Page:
Q.H.CHEW1, E.TAN2, M.Y.SUM1, K.SIM1
Institute of Mental Health1, KK Women’s & Children’s Hospital2
Amongst medical undergraduates, although the perception of educational environment (EE) has been associated with academic achievement, positive attitude toward the course and preparedness for practice, there is sparse data on how it influences learning processes and outcomes including within psychiatry training. Consistent with situativity and self-determination learning theories, we hypothesized that a positive perception of EE within psychiatry postings will be beneficial for the learning process, particularly by providing students greater motivation to learn, better engagement, allowing them to feel more equipped, and greater appreciation of the subject.
The DREEM (Dundee Ready Education Environment Measure) was administered to fourth-year medical undergraduate students undergoing psychiatry rotations from 2015-2019. The students also completed five additional items evaluating various learning processes and overall rating of the posting. We examined the relationship between DREEM domains and learning processes including motivation to learn, engagement, equipping, and appreciation of the subject.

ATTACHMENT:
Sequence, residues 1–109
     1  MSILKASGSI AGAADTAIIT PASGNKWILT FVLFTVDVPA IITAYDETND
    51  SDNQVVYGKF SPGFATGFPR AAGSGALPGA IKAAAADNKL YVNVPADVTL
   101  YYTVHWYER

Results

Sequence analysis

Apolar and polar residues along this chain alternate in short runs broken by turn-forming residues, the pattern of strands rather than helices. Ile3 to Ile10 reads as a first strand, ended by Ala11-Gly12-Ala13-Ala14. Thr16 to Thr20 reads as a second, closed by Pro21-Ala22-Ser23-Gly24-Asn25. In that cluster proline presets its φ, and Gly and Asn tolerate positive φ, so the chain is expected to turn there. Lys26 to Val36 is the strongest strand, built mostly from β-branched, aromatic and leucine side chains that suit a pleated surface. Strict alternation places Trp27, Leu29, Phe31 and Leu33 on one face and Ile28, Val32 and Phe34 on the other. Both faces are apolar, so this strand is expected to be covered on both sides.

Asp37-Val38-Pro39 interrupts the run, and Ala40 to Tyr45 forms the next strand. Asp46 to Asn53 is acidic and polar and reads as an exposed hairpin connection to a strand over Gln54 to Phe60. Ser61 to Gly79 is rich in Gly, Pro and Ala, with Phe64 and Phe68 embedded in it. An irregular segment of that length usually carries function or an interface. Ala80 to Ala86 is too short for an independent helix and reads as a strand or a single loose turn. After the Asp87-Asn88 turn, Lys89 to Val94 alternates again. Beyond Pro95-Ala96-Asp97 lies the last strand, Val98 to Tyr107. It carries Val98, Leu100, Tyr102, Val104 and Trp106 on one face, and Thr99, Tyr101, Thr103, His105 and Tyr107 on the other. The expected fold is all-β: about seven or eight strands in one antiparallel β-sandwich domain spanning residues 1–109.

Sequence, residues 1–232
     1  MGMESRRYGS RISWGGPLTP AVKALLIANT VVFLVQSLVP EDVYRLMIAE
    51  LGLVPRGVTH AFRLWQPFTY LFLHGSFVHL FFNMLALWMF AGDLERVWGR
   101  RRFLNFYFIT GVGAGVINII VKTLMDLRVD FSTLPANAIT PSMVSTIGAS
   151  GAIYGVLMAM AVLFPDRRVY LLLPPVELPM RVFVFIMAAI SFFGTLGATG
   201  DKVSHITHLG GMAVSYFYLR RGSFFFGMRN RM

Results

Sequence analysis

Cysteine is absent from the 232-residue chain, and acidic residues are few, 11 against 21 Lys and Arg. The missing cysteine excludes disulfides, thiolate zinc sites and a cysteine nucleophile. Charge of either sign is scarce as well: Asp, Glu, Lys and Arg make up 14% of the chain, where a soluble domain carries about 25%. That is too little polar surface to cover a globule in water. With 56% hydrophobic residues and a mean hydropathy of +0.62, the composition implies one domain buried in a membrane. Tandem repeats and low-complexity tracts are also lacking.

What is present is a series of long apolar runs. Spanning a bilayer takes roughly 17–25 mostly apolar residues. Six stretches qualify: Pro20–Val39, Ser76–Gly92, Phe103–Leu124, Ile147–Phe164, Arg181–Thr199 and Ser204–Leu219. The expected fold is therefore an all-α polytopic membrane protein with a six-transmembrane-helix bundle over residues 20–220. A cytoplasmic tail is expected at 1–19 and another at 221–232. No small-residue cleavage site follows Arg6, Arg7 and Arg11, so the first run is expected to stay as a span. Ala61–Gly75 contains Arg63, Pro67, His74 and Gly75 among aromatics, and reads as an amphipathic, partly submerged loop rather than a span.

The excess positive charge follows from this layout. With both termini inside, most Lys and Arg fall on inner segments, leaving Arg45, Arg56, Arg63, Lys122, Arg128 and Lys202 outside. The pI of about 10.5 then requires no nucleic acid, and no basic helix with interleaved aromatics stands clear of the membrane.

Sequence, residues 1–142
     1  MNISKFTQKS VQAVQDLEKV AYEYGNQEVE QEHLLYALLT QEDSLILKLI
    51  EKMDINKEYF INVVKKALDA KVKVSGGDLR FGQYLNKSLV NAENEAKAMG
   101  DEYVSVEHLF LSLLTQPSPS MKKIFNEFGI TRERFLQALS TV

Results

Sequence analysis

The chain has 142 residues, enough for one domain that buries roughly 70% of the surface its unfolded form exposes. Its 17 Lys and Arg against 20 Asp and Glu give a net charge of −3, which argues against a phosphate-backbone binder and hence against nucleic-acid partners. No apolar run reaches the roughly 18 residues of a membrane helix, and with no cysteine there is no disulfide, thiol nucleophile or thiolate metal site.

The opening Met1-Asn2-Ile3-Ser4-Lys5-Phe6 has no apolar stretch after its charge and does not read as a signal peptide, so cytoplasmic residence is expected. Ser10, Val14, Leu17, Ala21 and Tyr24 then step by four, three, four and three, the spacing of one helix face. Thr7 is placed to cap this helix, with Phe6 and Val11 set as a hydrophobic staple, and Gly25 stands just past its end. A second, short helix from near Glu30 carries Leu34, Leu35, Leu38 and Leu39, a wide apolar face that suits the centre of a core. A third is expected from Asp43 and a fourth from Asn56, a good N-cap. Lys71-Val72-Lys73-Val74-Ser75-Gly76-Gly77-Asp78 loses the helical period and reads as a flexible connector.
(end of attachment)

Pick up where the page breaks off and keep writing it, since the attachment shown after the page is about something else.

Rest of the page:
Altogether, 1343 (response rate 89.5%) medical undergraduates participated in the study. The overall DREEM score was 157.01 ± 15.86. Overall DREEM and subdomain scores were significantly correlated with various learning processes. Motivation and engagement were significant mediators of the relationship between total DREEM scores and overall rating of the psychiatry posting.
Our results highlighted that that a positive perception of EE was associated with various learning processes which mediated the overall rating of the posting. In the context of relevant learning theories (situativity, self-determination, constructivism), undergraduate psychiatry training should continually seek to enhance the EE so as to optimise learning through better motivation and engagement.